Peer Interaction and Learning in Compositionally Diverse Residence Halls

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This collective case study investigated how peer interactions occurred in two racially and ethnically diverse, first year residential communities at a mid sized public research university. For each case, minority students from two or more racial or ethnic identities composed at least 40% of the floor's population. The study provides descriptions of diverse peer interactions and subsequent learning outcomes as described by residents. Characteristics and conditions which support or impede diverse peer interactions and impact learning are suggested.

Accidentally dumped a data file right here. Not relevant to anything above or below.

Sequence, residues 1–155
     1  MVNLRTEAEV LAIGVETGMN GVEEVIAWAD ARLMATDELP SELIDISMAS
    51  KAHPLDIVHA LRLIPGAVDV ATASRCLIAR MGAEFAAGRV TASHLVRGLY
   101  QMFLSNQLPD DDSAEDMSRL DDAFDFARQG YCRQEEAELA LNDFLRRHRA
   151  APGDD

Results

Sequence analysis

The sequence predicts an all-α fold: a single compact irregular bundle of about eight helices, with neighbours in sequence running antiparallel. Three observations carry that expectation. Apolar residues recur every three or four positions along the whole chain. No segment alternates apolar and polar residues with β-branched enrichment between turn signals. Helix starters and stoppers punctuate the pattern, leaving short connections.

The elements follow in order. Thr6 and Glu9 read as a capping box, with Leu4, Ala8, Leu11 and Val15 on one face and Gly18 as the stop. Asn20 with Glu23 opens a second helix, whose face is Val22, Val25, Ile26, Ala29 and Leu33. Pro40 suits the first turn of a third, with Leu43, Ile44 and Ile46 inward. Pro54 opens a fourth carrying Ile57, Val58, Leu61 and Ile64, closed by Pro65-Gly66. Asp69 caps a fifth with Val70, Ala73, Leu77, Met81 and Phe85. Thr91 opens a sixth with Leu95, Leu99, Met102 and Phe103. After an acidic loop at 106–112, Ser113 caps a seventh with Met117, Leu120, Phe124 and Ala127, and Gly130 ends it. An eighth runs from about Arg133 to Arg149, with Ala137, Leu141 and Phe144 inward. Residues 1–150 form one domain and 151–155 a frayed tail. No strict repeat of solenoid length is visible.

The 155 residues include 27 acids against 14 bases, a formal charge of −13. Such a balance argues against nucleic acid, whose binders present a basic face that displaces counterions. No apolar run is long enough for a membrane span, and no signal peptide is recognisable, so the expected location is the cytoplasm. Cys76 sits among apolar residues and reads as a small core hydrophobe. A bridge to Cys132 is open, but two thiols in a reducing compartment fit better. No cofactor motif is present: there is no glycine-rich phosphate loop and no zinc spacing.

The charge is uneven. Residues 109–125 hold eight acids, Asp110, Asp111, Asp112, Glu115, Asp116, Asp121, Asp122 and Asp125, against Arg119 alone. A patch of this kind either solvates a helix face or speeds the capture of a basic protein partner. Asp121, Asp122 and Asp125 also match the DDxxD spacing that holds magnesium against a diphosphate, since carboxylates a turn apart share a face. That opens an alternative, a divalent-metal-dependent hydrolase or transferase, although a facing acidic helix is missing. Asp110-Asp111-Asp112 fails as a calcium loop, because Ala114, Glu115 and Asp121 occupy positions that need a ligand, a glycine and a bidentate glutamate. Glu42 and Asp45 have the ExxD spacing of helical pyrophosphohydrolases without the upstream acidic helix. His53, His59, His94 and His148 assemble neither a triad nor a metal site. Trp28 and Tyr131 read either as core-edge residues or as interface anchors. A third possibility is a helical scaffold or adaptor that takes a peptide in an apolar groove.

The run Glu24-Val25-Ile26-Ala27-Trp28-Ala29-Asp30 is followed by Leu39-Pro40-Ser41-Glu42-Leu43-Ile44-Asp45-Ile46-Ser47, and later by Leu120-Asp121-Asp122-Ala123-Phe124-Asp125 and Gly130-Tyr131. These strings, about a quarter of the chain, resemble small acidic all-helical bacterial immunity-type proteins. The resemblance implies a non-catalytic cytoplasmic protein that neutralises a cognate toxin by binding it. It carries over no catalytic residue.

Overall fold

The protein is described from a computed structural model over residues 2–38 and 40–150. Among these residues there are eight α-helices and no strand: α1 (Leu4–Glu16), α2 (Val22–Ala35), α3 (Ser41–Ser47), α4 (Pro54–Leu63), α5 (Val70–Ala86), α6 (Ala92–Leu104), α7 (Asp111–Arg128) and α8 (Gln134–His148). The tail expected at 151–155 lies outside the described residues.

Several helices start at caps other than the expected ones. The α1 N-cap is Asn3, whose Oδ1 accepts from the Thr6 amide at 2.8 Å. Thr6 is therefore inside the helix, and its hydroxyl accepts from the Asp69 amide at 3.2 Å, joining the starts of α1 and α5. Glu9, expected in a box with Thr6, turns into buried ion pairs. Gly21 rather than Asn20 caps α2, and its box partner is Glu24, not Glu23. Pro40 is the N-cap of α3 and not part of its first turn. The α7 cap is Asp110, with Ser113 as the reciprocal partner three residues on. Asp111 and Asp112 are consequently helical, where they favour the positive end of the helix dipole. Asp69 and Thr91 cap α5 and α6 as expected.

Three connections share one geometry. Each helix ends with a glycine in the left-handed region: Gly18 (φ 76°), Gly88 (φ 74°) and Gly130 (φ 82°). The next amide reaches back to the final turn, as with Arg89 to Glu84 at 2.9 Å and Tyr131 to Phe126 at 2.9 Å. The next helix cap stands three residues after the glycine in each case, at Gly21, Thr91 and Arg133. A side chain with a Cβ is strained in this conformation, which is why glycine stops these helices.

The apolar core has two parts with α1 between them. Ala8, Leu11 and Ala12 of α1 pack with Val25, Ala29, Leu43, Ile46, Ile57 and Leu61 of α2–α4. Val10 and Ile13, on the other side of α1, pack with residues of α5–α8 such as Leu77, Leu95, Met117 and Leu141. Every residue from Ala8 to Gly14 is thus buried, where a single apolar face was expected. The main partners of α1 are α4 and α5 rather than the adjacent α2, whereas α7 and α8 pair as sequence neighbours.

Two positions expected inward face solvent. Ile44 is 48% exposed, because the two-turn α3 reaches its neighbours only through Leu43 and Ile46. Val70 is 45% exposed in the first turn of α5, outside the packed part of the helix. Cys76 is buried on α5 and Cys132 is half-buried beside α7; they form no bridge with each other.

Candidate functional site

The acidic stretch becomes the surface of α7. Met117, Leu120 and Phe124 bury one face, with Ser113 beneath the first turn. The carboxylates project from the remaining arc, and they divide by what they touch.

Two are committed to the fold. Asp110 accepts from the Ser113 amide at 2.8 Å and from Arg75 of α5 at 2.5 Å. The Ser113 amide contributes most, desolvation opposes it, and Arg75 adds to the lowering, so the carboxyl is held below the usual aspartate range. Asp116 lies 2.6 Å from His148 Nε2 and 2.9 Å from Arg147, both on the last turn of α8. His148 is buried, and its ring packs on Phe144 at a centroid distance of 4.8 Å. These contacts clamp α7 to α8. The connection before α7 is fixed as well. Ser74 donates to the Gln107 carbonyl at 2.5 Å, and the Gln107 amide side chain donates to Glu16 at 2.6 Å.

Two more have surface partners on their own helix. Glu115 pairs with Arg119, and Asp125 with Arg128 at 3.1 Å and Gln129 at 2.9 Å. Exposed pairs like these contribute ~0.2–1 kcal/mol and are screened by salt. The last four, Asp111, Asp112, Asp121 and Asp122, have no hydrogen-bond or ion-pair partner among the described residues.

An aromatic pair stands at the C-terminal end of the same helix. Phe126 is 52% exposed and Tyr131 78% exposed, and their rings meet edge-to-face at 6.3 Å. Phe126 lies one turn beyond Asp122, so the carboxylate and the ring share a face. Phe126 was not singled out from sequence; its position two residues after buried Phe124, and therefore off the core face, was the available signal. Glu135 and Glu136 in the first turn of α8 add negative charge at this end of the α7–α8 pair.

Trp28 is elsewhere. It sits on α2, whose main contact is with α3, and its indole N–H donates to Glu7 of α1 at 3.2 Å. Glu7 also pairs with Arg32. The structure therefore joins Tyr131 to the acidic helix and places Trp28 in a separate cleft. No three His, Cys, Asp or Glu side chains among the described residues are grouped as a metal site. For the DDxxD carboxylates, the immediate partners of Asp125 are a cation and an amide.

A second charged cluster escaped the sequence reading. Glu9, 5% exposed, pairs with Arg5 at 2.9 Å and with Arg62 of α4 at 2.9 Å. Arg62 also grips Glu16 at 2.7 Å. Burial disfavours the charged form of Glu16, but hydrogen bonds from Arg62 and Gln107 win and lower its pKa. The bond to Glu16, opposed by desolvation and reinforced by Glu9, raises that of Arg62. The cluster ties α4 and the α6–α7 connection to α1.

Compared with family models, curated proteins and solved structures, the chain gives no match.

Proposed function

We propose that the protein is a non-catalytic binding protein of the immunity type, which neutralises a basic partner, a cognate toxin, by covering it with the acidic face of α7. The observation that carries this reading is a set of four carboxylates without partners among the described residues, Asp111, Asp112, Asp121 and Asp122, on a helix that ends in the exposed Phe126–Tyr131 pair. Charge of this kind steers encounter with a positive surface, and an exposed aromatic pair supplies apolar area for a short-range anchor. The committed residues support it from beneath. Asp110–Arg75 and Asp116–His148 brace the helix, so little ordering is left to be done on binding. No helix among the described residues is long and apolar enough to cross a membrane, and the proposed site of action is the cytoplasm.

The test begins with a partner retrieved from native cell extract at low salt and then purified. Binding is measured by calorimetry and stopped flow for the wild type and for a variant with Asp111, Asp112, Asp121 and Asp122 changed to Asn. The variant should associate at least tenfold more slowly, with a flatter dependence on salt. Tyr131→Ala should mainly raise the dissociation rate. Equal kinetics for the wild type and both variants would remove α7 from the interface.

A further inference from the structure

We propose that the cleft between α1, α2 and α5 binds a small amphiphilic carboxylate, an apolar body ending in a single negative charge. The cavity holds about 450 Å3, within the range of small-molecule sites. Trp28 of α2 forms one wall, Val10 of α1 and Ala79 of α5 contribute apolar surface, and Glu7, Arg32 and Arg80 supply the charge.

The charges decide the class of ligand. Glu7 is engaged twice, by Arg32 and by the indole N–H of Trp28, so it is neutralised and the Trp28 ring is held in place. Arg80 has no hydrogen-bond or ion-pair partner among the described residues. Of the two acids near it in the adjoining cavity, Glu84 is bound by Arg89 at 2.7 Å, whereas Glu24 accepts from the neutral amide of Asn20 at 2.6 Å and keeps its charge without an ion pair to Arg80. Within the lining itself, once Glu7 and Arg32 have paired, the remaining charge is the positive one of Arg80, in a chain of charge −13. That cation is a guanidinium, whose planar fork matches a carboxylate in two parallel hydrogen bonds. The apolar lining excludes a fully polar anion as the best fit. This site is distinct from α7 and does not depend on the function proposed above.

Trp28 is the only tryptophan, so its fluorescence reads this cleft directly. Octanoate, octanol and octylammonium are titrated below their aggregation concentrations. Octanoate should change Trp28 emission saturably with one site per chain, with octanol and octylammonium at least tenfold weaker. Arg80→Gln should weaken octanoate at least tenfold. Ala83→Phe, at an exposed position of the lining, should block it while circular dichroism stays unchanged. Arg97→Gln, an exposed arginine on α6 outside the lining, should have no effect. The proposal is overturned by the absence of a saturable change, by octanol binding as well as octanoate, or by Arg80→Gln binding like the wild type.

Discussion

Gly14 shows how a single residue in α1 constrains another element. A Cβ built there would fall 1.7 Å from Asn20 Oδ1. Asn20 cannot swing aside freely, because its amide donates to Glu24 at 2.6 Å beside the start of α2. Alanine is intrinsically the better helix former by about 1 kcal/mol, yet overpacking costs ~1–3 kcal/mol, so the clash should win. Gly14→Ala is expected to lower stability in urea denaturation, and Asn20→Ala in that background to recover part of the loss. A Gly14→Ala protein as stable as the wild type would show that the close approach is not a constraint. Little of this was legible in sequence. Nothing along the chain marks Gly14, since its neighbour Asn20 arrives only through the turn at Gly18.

Anxious to make friends and seeking support to reach academic goals, first year students developed relationships with other residents in close proximity to them regardless of perceived differences before later branching out to form relationships outside of the floor. The strategies residents used to interact with diverse peers and included: 1) participating in neutral activities, 2) finding similarities, and 3) joking. By observing the living environments and actions of diverse others and by participating in neutral activity residents discovered hidden similarities. Residents in these diverse environments avoided serious conversations about race and ethnicity instead navigating diverse peer relationships by joking about differences. Prior diversity experiences, heightened emotions and desire for friends influenced students' initial comfort with diverse peer interaction, but over time students with and without prior diversity experience engaged in diverse peer interaction due to diverse composition of floor and expectations of sustained contact. By living in close or intimate quarters with others different from themselves, residents encountered simple cultural differences. Observations of similarities and simple differences stimulated questions and conversations. Curiosity, proximity and increased comfort allowed students to encounter new values and beliefs creating both confusion and excitement. Diverse peer observations and interactions facilitated a variety of desirable learning outcomes including increased openness to diversity, willingness to consider new ideas, reduction of prejudice and stereotyping, increased perspective taking, better listening and communication skills and an increased willingness to compromise and act with polite consideration of others. Interacting with diverse peers in a compositionally diverse residence community provided the challenges necessary to prompt new ways of seeing the world.